To Snip or Not to Snip—That’s Shalom’s Question

By Shalom Auslander
Riverhead, 310 pages, $24.95

It’s a shame that the author of Foreskin’s Lament, Shalom Auslander, a fallen Orthodox Jew turned wry humorist, has never been introduced to Paul Fleiss. Fellow hebe, Hollywood pediatrician to the stars and father of noted madam Heidi, Mr. Fleiss is an impassioned anti-circumcision activist.

The horny Mr. Auslander (“they are just my type,” he writes, early Woody Allen-esquely, of some female passers-by, “in that they are almost naked and wearing high heels”) has written a memoir centering on his pangs over getting his newborn boy’s member snipped. Had he been ushered as an expectant parent into Mr. Fleiss’ wood-paneled offices in Los Feliz, he would’ve received a long lecture about the barbaric nature of this traditional Semitic rite, buttressed by a navy blue pamphlet bearing the Star of David. Reams more material for our man’s comic agony!

It’s O.K., though: Mr. Auslander has ample material as it is. He was raised—or perhaps yanked upward into adolescence is a better way to describe it—by an abusive father and a devout but passive mother in the grim-seeming and largely Hasidic hamlet of Monsey, N.Y. From an early age, young Shalom bucked tradition: doing Dan Aykroyd impressions to defuse family rows, indulging in clandestine Slim Jims (which are, like, totally trayf) at the local swimming pool, and sneaking off in the back seat of a taxicab to the mall in Nanuet—“a city of Sodom”—on the Sabbath.

He commences shoplifting. At first his yarmulke helps him elude suspicion, but eventually he’s busted with a backpack stuffed with $500 worth of clothing swiped from Macy’s. He’s sentenced to community service, a portion of which he elects to serve in Israel.

Smoking pot and gorging on porn—perfectly normal behavior for your average American young adult male, not so much for those in payess. “This is not Sabbath’s Theater—it is Shalom’s Buddy Booth” despairs Mr. Auslander of his baser appetites, defying those who might compare him to Philip Roth. (I’m feeling more a raunchy Malamud.) On rounding the bases sexually: “For me, first was anal.”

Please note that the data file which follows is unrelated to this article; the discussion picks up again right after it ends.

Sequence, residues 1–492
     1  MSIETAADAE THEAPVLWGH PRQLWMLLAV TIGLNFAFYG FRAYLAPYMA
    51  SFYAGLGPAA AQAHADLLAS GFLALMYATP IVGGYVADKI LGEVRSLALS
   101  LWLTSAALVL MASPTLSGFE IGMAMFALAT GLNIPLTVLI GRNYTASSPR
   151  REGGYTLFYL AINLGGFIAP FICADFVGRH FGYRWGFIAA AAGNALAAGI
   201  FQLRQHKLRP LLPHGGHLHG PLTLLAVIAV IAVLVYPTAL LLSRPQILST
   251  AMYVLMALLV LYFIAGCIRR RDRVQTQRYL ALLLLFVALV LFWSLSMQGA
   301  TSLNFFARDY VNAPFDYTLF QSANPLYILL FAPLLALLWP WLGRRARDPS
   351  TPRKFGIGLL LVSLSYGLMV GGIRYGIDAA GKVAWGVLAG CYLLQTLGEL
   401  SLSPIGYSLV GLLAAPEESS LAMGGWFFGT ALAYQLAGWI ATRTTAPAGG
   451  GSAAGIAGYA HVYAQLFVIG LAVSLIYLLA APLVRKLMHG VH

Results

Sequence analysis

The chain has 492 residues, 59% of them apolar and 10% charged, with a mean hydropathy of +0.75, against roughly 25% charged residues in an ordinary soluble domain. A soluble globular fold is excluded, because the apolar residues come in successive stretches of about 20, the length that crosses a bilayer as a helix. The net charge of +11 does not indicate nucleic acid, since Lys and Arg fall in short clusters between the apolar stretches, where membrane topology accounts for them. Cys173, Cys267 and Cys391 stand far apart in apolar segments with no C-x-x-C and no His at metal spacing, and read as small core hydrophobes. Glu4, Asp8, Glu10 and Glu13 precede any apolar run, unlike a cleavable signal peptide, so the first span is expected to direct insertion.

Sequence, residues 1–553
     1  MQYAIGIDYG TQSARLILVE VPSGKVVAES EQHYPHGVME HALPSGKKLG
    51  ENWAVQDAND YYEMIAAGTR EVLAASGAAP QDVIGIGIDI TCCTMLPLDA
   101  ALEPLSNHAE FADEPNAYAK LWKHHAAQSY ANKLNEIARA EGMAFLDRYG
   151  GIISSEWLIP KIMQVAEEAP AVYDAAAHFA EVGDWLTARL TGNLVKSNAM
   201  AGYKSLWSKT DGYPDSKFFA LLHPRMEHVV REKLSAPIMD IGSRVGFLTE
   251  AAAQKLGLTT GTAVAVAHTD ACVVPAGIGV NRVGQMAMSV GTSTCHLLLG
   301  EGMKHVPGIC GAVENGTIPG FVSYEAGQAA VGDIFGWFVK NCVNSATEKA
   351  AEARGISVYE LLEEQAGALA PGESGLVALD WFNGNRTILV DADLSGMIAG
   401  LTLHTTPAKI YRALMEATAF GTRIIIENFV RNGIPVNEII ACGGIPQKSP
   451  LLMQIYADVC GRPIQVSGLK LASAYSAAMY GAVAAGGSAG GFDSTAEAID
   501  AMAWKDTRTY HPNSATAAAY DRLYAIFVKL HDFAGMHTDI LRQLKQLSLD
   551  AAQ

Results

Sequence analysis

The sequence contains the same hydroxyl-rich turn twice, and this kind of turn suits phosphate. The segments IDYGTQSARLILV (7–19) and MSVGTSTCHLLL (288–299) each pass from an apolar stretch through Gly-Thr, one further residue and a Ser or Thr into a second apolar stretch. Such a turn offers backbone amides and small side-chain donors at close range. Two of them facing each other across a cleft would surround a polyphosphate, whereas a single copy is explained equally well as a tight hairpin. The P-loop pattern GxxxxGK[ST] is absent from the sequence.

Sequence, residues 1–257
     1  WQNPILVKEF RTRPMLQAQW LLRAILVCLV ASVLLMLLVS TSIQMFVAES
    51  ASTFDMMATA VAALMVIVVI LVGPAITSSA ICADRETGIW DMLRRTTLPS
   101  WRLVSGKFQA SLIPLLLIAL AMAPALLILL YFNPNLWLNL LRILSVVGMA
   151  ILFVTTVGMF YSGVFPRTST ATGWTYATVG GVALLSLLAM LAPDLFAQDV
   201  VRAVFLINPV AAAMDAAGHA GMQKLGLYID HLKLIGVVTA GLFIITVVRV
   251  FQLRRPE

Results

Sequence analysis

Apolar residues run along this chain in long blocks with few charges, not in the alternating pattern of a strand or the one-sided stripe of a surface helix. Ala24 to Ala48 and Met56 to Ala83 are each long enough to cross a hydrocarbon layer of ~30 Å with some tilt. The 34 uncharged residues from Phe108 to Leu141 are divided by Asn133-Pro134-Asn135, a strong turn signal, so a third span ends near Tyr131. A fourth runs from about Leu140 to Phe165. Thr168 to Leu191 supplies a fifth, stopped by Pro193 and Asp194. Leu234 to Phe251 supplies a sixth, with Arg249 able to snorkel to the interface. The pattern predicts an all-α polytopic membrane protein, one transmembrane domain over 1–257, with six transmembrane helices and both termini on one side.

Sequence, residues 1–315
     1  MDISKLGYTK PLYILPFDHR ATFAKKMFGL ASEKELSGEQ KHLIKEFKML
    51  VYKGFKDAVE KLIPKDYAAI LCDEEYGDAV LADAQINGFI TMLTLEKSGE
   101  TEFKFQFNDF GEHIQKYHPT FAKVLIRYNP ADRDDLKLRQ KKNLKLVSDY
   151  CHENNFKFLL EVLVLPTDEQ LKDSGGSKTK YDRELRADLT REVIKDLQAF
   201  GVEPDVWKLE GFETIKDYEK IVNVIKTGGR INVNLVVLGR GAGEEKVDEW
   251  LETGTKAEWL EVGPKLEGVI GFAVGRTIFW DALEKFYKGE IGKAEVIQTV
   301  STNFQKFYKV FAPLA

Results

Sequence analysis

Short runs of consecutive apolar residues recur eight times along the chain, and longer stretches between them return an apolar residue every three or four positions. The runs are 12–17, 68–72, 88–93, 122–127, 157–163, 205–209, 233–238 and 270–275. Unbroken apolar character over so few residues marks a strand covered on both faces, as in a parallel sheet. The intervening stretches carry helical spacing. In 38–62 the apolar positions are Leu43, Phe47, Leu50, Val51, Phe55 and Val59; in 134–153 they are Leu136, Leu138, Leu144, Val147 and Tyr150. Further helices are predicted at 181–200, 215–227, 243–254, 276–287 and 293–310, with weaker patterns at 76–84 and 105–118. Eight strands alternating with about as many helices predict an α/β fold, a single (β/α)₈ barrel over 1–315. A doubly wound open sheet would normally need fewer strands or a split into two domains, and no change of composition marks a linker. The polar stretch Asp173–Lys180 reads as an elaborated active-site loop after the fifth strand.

Foreskin’s Lament toggles back and forth between such tender reminiscence—often hilarious—and the author’s somewhat more “eh” adult emotional conflict. He’s now ma rried to a loving English-Jewish woman named Orli, as doubting as he. Gladly estranged from both their families, they live in Woodstock, N.Y. Stripped of all the accoutrements of Orthodoxy (judging from the book-jacket photo, these days he resembles a football commentator), he’s cutting a nice swath on the NPR-BBC-New Yorker circuit.

And yet he lives with the constant specter of a merciless Almighty Being, whom he alternately mocks, venerates, bargains with: “My relationship with God has been an endless cycle not of the celebrated ‘faith followed by doubt,’” as Mr. Auslander puts it, “but of appeasement followed by revolt; placation followed by indifference; please, please, please, followed by fuck it, fuck You, fuck off.”

Of course God here is a stand-in for “Dad,” and to quote Dr. Seuss, Dad is surely “sad. Very, very sad.”

Never mind the pediatrician—it’s an issue for Mr. Auslander’s analyst.


Alexandra Jacobs is editor-at-large at The Observer.

To Snip or Not to Snip—That’s Shalom’s Question